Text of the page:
But under both Liberal and Conservative governments, Canada has generally favoured higher levels of immigration and greater openness to minority accommodation.

So while I expect the economic fallout will force the Liberal government to reduce immigration levels somewhat, I would expect this to be more modest than in Australia. And it is noteworthy that the Conservatives are not (yet) calling for any major pause or reduction. But we shall see how this plays out::

I’m not alone in attending social events in this country where the conversation turns much more easily to American politics than Canadian.

Donald Trump. Nancy Pelosi. Mike Pompeo. Joe Biden. Alexandria Ocasio-Cortez. Anne Coulter. Bernie Sanders. The list of strong personalities goes on. It’s not surprising subdued Canadians become fixated on the take-no-prisoners politics of the U.S.

But it could be more relevant for Canadians to compare and contrast how leaders are responding to COVID-19 and its implications in a more similar English-language country, despite it being geographically farther away than the world’s largest economic power.

Like Canada, Australia is a middle power with a reasonably healthy parliamentary democracy, as well as shared British roots (French in Canada as well) and a significant Indigenous presence. Multiculturalism flourishes in both countries, where more than one in five residents are foreign-born. We have similar populations: Australia contains 25 million people, Canada 35 million.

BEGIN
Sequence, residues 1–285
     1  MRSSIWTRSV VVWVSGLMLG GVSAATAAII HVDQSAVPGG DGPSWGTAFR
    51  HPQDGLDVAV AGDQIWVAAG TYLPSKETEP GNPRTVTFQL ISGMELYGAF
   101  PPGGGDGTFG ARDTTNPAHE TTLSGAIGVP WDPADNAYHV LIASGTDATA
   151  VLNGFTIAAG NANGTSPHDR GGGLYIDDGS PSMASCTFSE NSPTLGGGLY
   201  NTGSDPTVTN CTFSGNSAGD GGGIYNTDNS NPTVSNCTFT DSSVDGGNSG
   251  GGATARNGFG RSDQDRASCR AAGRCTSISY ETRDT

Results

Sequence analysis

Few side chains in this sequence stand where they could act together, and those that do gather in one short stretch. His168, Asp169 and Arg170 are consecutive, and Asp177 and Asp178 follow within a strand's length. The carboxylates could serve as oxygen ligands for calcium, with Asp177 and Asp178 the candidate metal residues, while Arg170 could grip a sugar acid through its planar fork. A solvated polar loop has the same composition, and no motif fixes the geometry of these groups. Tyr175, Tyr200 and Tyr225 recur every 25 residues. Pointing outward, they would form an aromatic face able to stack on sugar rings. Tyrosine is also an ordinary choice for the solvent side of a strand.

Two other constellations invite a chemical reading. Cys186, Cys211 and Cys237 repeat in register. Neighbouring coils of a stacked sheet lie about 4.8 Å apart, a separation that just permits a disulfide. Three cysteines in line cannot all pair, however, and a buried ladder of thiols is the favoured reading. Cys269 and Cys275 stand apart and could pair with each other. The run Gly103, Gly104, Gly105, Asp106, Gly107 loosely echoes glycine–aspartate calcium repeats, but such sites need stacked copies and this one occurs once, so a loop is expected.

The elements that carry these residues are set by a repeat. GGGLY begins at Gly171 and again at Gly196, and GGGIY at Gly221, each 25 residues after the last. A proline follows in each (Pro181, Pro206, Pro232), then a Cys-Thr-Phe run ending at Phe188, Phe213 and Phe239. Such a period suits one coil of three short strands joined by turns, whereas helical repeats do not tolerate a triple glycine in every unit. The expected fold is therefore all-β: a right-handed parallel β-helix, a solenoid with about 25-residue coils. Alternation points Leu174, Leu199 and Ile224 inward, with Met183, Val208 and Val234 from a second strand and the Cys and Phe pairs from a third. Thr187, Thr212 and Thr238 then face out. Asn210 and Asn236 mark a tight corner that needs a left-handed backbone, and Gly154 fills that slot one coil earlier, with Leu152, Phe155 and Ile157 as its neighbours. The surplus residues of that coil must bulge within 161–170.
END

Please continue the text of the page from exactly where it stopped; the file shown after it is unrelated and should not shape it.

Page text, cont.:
Canada and Australia — more than the U.S., which takes in one-third the number of immigrants per capita — have relied on large numbers of immigrants as well as foreign students and workers on visas to expand their economies, educational systems and housing markets.

Like Canada, however, Australia’s economy has been severely battered by the lockdown .

Australia lost 594,300 jobs in April, its largest fall on record, and now has an unemployment rate of seven per cent. Canada lost almost two million jobs and has seen unemployment balloon to 13 per cent. The economies and housing markets of both countries are shaking.

Yet Australia’s elected leaders are sharply diverging from those in Canada in how they’re responding to the pandemic at a policy level, especially regarding migration.

With a degree of frankness rarely heard from Ottawa, Australian Prime Minister Scott Morrison said he expects immigration to fall by 30 per cent by the end of the summer.

The Australian PM went on to forecast immigration levels would plunge by a breath-taking 85 per cent in the fiscal year ending in the summer of 2021.

Morrison acknowledged the decline will be a shock to his traditionally immigration-friendly country. But he suggested Australians ought to get used to lower levels.

In the last two years Australia accepted 470,000 new immigrants, while Canada welcomed 616,000. The two countries’ multi-ethnic populations have in the past roughly agreed on immigration policy.